Soft opening for new central San Diego Courthouse amid lingering safety concerns

Sheriff: "We'll make it work"

San Diego - SAN DIEGO (KGTV)--"This is a courthouse built for the future," said the Presiding Judge for San Diego Superior Court as the new central courthouse was dedicated Monday.

What Jeffrey Barton didn't say was there are still some issues that need to be addressed, not the least of which is digging an underground tunnel from the downtown jail to the new court building.

Team 10 first exposed the problem in January when a trial run was conducted to see if the San Diego County Sheriff's prisoner transport buses could fit through a narrow driveway.  One of the buses bottomed out on the exit ramp.

 

“It’s a safety issue. This courthouse was designed to have a tunnel," said San Diego County Sheriff Bill Gore.

 

 

It will cost more than $3 million dollars per year to bus inmates a block and a half from the jail to the new courthouse.

“Obviously we’ll make it work until we do get the tunnel," said Gore, who has been working with court administrators to make sure things go smoothly.

County officials are working to broker a deal that would allow them to begin digging the tunnel, but that could be years away.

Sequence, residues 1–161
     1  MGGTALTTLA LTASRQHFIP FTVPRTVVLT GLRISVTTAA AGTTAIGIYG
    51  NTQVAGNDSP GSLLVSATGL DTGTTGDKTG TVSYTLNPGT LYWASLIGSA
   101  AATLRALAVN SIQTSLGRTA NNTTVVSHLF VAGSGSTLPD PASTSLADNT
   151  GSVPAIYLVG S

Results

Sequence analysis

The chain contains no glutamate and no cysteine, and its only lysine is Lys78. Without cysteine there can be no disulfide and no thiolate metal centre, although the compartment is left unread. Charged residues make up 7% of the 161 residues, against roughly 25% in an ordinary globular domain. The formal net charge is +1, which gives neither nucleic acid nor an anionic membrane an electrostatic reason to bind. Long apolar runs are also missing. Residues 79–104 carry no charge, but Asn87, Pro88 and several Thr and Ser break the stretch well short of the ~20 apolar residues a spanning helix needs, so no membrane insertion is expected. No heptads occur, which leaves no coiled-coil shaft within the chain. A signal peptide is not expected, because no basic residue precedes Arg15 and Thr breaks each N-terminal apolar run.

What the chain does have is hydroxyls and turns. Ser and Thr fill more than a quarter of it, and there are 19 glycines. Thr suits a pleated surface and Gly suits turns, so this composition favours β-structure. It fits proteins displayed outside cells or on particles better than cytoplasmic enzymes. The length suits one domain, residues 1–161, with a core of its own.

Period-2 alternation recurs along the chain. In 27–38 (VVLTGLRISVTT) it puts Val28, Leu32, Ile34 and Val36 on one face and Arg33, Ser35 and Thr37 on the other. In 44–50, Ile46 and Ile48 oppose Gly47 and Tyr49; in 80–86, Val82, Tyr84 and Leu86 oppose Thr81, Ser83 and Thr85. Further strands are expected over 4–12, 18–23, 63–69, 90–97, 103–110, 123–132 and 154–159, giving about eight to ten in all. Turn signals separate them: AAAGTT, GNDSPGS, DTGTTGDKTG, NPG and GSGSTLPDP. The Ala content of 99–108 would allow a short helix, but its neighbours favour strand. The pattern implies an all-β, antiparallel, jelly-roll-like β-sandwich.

Team 10 uncovered a new problem that involves people who are granted personal protection orders by the court.  When a judge signs a restraining order, the person requesting it has to take the paperwork to the Sheriff's office in the old courthouse to have it served and enforced.  They will no longer be able to do that at the new courthouse.

People will now have to take their signed paperwork to what is now the Madge Bradley Family Court building four blocks away.  The Sheriff's Department will move its office to that facility after the family court moves into the new courthouse.

The court's executive officer told Team 10 he's aware of the problem, but it will take time to come up with a solution.

“We’re gonna have to sit down with the Sheriff and look at the way we do business," said Michael Roddy, who suggested the answer might be to file the papers electronically.  In the meantime, Roddy assured Team 10 the Sheriff's offices would stay open to accommodate restraining orders issued late in the afternoon.

Roddy explained there would be a lot of adjustments as 700 courthouse staffers move their belongings into the new $555 million court building, and get used to their new surroundings. 

"Give us a year," Roddy said.

 

 

 

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